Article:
Conversely, Loach at his worst can be one of the most simplistic sentimentalists out there. The characterisation of the salt-of-the-earth heroes in recent films such as Jimmy’s Hall and Route Irish, or the pantomime-villain Brits in The Wind That Shakes the Barley, shows what happens when action is overpowered by agenda.

Born in Nuneaton, Warwickshire, Loach read law at Oxford but became seduced by theatre directing and acting: he was in a revue for which Dudley Moore composed the music, and understudied in the West End in One Over the Eight. He joined the BBC in 1963, where he brought extra earthiness to Z-Cars before finding his ideal outlet in The Wednesday Play slot that went out after the news. “We were very anxious for our plays not to be considered dramas but as continuations of the news,” he said. He made ten TV films under that banner but it was with his second movie, Kes, in 1969, that he took flight, proving that the gritty and the lyrical need not be mutually exclusive.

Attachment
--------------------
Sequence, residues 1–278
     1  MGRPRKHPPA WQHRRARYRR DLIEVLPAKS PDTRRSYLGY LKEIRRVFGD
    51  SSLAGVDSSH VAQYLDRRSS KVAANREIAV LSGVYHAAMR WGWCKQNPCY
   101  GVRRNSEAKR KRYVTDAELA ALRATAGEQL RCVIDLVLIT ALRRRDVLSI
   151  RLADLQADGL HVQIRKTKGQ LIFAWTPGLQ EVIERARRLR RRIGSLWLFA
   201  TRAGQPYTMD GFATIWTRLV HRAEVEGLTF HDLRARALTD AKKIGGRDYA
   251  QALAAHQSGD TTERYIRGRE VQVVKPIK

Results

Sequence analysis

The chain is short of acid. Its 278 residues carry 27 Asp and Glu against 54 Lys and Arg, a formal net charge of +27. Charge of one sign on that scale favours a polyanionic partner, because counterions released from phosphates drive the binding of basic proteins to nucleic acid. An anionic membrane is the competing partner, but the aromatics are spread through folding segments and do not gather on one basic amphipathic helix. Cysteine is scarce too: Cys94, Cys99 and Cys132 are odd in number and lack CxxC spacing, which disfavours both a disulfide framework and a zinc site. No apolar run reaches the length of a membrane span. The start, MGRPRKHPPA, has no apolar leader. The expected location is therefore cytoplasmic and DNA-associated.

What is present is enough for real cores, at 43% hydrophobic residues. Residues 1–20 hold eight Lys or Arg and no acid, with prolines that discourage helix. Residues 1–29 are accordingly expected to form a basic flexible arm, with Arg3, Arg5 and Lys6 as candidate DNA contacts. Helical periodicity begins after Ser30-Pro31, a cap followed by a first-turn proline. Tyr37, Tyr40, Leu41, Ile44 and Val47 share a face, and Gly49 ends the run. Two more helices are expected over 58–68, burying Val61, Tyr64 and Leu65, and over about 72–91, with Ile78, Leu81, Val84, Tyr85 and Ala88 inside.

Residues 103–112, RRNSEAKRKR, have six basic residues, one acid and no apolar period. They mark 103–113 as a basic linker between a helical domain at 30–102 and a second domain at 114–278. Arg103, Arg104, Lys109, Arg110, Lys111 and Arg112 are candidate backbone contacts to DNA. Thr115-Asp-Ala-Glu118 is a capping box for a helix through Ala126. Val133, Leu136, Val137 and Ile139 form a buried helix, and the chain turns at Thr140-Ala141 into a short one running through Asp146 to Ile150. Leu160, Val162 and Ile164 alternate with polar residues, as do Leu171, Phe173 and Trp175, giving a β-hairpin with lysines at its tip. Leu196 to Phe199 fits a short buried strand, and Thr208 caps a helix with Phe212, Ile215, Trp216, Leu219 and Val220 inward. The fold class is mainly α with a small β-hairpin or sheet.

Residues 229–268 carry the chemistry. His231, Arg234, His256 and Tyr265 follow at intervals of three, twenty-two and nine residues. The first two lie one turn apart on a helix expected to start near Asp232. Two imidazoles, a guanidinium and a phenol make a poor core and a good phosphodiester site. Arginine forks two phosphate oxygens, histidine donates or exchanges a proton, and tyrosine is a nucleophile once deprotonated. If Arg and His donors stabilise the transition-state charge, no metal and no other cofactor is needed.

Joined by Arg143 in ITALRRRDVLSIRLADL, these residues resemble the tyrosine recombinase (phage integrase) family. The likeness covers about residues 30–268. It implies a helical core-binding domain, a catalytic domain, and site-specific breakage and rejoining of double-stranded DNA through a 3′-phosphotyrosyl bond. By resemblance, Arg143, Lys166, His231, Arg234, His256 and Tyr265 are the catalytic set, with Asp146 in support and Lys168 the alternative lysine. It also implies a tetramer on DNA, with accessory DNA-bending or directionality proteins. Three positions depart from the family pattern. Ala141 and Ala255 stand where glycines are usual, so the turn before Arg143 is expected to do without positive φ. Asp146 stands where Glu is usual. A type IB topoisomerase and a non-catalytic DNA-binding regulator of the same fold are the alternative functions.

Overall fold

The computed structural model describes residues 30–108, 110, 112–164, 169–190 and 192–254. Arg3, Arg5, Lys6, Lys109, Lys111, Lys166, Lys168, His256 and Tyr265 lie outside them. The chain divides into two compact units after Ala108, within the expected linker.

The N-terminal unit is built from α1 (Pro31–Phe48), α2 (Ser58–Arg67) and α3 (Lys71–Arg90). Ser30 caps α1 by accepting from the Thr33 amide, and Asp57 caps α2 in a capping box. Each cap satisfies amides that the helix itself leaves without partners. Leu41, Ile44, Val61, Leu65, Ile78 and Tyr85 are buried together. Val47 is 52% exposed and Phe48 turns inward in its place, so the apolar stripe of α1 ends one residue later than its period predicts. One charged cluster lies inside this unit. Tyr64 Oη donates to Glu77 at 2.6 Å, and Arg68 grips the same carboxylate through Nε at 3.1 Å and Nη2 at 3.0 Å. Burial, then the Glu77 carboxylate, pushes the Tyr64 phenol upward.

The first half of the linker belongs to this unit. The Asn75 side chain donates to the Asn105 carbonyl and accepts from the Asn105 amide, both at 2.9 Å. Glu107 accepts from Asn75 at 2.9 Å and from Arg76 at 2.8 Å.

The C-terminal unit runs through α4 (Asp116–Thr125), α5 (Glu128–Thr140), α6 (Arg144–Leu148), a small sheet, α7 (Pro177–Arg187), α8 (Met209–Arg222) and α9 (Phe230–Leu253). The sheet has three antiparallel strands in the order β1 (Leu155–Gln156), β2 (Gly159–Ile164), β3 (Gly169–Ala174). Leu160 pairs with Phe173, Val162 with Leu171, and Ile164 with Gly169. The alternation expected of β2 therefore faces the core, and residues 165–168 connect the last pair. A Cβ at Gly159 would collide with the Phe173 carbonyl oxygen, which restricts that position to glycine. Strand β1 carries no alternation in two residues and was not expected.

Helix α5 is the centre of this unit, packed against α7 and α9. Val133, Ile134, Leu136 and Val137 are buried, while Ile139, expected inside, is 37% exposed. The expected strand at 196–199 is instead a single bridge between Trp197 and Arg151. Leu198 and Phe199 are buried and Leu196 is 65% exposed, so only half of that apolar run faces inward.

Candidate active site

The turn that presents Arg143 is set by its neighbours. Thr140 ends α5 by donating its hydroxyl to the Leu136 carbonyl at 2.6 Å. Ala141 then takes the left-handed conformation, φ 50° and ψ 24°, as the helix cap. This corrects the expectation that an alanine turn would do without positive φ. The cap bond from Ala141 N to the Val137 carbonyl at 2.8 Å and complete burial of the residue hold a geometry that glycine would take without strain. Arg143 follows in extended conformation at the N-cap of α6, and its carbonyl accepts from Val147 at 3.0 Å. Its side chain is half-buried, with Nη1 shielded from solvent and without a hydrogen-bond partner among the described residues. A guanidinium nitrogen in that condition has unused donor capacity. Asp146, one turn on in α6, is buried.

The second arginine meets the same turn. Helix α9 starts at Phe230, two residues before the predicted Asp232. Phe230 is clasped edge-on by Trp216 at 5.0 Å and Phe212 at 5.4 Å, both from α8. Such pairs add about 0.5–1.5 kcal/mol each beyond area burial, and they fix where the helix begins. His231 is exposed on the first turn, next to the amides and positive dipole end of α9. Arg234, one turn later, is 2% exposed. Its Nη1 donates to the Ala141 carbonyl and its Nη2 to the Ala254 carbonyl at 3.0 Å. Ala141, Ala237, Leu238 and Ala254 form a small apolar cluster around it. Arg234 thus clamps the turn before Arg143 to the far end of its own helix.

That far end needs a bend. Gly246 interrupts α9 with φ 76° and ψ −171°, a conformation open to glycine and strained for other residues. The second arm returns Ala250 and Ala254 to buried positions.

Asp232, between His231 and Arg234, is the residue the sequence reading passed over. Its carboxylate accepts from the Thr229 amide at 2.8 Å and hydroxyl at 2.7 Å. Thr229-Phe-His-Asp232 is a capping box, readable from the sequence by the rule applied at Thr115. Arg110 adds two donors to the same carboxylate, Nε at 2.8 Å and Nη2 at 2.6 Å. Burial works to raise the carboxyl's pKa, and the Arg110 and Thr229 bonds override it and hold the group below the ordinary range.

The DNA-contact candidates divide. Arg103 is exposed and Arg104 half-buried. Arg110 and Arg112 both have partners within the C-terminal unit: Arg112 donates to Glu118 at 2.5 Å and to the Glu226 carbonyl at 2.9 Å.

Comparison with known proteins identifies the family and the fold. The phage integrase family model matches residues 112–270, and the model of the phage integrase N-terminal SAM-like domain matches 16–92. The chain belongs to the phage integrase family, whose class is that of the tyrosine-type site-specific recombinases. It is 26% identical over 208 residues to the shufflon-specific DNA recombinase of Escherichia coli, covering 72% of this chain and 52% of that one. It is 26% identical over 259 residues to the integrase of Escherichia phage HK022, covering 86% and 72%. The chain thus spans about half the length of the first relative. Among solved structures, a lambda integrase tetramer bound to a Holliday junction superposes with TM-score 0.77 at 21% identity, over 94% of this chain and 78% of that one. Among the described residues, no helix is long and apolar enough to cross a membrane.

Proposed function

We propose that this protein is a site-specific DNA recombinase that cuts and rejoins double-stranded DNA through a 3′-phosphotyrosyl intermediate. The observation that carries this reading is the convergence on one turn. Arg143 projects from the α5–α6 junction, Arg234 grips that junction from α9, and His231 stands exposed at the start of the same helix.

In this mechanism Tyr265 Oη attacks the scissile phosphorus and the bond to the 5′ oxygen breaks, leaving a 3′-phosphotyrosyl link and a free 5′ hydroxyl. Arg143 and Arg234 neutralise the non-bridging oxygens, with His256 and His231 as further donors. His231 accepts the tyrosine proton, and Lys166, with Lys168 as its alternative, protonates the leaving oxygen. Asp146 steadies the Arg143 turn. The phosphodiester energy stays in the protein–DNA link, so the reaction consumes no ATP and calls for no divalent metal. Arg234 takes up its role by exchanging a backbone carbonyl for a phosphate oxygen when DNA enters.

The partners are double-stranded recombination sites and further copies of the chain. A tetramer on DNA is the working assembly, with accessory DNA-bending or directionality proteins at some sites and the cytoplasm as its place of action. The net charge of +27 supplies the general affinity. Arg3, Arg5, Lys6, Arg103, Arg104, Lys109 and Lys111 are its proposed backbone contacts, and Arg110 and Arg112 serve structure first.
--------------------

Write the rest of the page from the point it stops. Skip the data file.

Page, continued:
His politics was fully formed by this point. Though he has rejected claims that he is Marxist or Trotskyist, he admits that the analysis to which he turned after his disillusionment with Harold Wilson in the mid-1960s was a Marxist one. “The idea of a class analysis was the one we identified with,” he said of himself and his collaborators the producer Tony Garnett and the writer Jim Allen. “What we realised was that social democrats and Labour politicians were simply acting on behalf of the ruling class, protecting the interests of capital.”